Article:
Review: Ferdinard von Schirach's second collection of short stories, simply titled Guilt, is a tautly written set of tales based on true-life crimes known to the author.
Most of these stories are truly short, some spanning less than five pages. They share a more-or-less common structure: a backstory in which characters are introduced and the crime committed or described; a first person account from the attorney — presumably the author himself, though that may not be a reasonable assumption to make — involved in the case that follows; and a final summary (or summation), often one that provides a personal observation or unexpected twist on the proceedings. Despite the brevity of the stories, the settings are frequently atmospheric and there's a surprising amount of character development.
The book's title suggests that all the stories share a common theme — guilt — and if so, it is one that comes with some subtlety attached to it; guilt is not always associated with, or limited to, the guilty. Indeed, a more obvious common thread to the stories might be ordinary people reacting to extraordinary situations.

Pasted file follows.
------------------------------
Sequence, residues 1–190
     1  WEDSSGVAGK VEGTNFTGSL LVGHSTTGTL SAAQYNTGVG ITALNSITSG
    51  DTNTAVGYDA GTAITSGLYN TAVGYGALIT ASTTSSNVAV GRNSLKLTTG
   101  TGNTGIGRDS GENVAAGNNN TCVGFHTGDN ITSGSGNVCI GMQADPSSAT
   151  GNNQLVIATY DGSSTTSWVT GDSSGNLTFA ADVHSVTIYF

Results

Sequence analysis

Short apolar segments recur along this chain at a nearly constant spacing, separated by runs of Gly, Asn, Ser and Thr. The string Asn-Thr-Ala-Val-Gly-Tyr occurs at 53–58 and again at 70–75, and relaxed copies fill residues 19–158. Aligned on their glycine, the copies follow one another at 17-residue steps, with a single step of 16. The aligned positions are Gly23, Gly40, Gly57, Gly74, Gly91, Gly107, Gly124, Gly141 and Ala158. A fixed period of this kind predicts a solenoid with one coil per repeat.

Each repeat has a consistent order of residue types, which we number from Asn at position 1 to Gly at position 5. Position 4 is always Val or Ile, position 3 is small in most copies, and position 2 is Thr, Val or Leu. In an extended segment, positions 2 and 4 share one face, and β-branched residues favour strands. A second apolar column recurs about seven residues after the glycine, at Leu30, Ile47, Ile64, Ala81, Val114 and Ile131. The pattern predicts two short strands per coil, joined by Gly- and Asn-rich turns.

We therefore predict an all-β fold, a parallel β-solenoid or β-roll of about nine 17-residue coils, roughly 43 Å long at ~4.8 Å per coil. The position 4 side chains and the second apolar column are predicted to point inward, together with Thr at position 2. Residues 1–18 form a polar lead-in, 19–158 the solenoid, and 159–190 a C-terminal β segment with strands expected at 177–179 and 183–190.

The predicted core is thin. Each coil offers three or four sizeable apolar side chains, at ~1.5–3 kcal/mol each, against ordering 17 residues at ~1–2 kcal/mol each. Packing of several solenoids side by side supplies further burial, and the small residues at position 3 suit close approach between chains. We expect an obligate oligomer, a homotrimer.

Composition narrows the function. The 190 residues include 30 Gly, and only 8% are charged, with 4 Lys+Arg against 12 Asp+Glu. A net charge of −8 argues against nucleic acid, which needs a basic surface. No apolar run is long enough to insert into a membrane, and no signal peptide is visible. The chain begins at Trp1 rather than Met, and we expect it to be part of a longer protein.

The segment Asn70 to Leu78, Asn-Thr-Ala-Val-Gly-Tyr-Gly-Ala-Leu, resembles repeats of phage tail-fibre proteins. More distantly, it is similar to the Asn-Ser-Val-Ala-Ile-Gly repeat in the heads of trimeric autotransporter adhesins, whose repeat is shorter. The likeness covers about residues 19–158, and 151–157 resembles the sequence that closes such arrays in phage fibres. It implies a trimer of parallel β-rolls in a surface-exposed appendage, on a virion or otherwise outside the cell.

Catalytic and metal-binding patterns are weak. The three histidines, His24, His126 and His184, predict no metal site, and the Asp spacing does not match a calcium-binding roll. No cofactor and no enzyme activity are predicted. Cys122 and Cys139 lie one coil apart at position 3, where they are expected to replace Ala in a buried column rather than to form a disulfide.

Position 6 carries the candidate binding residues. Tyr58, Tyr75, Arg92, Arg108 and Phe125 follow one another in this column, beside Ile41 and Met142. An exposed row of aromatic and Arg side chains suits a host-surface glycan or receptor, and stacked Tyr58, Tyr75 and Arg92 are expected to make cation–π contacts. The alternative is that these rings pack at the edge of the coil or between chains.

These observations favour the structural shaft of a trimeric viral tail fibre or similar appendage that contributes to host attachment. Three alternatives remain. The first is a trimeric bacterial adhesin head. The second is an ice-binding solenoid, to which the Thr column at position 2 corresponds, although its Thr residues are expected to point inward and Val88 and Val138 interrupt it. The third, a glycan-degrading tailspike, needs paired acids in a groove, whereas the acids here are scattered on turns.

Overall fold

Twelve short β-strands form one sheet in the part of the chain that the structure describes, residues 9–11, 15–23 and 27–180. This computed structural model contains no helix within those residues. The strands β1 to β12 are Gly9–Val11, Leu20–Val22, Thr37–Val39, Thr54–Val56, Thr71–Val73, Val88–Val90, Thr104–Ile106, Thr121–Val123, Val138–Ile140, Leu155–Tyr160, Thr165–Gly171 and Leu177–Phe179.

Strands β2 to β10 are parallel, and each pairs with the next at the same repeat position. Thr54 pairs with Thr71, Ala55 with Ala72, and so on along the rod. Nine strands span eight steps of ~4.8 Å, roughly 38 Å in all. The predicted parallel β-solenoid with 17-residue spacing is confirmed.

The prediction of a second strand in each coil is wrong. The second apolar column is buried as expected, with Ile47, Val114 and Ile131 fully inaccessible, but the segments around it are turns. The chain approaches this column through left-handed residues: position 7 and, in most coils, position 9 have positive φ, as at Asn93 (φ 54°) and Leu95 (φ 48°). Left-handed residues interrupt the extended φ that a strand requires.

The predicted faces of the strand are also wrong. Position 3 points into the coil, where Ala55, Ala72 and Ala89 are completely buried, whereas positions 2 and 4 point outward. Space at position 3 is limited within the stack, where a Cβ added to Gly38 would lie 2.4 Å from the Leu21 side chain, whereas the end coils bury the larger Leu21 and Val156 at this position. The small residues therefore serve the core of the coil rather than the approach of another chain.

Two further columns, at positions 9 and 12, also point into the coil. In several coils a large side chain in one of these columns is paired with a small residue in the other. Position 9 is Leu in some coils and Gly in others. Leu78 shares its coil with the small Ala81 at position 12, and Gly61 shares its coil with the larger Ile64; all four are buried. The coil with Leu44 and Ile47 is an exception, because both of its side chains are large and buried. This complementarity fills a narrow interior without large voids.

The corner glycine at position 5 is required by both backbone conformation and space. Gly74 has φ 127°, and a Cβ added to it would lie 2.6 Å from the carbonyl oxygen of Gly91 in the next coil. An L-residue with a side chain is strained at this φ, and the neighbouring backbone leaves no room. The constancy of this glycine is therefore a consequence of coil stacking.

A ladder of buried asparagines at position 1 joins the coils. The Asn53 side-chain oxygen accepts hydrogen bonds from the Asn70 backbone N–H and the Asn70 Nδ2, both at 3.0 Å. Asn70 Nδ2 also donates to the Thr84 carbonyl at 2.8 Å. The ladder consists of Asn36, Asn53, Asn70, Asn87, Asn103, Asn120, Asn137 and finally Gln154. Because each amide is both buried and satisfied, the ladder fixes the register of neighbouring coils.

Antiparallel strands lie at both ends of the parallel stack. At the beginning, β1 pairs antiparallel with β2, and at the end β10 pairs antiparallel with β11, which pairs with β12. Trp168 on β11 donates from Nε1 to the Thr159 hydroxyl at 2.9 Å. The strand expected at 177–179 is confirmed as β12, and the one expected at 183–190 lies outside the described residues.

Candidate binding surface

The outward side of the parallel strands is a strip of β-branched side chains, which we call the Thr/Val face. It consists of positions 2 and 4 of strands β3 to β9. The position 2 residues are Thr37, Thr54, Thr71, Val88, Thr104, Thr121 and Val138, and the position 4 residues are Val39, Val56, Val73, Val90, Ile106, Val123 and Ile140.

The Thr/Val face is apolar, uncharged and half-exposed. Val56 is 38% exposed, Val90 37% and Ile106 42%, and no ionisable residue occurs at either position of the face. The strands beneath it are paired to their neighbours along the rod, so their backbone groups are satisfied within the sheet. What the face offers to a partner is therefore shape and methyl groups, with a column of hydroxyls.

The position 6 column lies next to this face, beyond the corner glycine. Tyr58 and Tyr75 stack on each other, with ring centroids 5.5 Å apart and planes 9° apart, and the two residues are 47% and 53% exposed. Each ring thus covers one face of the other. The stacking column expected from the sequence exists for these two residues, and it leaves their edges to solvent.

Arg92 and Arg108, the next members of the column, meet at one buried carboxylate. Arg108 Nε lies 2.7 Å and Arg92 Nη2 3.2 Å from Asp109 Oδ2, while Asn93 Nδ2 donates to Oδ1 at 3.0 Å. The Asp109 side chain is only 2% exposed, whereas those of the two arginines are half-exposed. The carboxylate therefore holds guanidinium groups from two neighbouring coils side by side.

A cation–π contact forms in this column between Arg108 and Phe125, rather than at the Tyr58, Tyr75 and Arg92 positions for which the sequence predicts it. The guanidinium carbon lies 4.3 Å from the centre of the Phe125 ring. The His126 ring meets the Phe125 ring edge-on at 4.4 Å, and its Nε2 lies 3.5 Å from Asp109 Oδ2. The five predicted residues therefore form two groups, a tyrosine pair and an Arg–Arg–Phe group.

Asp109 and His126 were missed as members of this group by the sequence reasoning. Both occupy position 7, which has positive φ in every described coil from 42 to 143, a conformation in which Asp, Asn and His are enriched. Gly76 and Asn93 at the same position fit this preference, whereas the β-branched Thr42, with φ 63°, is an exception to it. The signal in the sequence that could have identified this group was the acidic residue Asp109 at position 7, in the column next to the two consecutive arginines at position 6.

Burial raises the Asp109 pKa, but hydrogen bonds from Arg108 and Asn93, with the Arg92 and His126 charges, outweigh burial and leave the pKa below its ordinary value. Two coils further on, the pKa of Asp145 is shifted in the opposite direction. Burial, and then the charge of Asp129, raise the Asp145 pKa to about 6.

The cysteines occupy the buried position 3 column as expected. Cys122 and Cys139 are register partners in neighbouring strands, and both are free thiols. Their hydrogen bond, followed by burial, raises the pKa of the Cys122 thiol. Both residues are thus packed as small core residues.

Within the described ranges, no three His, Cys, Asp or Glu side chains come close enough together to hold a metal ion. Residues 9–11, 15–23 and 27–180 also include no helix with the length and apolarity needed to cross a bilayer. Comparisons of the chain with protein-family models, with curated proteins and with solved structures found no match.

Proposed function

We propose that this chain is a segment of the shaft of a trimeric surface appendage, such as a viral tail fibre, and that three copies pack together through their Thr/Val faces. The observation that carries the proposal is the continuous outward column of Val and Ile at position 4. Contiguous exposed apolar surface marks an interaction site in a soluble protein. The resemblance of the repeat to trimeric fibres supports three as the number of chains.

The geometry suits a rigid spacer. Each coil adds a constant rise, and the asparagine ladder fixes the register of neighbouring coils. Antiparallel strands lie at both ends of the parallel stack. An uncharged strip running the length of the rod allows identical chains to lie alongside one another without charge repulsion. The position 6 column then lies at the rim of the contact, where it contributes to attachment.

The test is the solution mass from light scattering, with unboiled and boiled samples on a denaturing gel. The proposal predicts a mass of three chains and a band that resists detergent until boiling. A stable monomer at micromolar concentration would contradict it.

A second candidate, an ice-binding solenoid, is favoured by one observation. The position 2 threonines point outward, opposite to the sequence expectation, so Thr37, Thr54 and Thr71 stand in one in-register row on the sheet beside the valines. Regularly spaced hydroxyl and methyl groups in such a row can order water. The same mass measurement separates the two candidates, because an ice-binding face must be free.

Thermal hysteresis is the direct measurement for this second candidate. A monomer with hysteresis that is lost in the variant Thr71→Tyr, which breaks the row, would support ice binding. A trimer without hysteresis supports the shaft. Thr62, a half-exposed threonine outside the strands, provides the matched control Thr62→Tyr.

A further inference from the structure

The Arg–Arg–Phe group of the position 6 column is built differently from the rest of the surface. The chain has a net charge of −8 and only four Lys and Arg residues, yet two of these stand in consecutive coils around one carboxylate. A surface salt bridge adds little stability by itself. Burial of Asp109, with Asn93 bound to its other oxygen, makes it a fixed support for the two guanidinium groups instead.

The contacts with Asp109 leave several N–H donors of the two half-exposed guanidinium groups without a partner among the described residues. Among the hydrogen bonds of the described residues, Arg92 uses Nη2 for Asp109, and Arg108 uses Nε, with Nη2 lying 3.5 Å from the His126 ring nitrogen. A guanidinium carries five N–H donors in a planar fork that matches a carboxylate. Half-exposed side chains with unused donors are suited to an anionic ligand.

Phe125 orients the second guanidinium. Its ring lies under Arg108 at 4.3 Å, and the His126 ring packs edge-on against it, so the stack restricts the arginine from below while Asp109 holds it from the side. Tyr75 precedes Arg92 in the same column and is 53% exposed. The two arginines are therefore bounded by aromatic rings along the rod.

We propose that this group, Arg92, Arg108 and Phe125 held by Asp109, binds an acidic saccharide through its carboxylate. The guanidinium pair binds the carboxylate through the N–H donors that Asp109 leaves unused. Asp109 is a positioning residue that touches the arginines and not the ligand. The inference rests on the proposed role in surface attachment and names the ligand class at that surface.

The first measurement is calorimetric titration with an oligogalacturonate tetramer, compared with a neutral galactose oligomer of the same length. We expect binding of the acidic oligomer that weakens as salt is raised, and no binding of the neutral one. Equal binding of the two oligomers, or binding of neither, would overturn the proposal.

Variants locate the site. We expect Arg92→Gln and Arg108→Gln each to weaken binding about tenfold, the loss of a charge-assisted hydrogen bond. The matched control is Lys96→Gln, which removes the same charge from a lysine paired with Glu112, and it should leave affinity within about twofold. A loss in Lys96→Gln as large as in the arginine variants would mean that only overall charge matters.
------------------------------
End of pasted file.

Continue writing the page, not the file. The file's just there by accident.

The final tale, one not even three pages in length, provides a most entertaining twist on the collection as a whole. Guilt is a somewhat unusual collection of stories, one that clearly won't be to everyone's liking, but one that might cause readers to think a bit more about what the word means in a broader context.
Acknowledgment: Random House provided a copy of Guilt for this review.
Review Copyright © 2012 — Hidden Staircase Mystery Books — All Rights Reserved
Location(s) referenced in Guilt:
— ♦ —
Guilt by Ferdinand von Schirach — A Short Story Collection
Publication Date: January 2012
List Price: $24.00
— ♦ —
Page Author: Lance Wright
Site Publisher: Mysterious Reviews
Mysterious Reviews is a Division of
The Hidden Staircase Mystery Books
and a Business Unit of the
Omnimystery Family of Mystery Websites